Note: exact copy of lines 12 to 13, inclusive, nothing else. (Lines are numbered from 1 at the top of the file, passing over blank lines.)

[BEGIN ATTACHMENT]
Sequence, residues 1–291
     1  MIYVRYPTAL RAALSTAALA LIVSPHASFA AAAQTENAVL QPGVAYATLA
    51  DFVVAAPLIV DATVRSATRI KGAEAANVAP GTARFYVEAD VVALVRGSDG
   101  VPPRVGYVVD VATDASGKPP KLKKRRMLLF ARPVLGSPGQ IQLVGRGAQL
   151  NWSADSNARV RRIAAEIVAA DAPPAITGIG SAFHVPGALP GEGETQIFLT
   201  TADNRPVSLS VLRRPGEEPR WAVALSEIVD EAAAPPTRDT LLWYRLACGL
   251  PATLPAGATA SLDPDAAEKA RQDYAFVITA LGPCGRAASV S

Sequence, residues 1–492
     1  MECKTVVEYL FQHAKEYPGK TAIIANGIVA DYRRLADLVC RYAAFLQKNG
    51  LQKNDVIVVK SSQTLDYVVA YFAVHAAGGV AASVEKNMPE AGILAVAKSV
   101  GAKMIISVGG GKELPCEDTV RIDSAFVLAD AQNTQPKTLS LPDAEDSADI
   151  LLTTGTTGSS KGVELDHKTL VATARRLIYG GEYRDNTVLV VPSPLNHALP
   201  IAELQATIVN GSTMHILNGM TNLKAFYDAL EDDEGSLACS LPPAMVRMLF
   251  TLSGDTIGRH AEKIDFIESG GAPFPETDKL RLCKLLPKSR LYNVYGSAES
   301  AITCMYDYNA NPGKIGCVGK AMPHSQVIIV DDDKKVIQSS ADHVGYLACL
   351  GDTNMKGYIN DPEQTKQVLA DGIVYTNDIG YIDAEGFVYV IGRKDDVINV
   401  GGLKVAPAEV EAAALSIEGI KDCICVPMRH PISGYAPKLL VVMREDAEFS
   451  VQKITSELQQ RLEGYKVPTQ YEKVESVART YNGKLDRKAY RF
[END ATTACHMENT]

   151  LLTTGTTGSS KGVELDHKTL VATARRLIYG GEYRDNTVLV VPSPLNHALP
   201  IAELQATIVN GSTMHILNGM TNLKAFYDAL EDDEGSLACS LPPAMVRMLF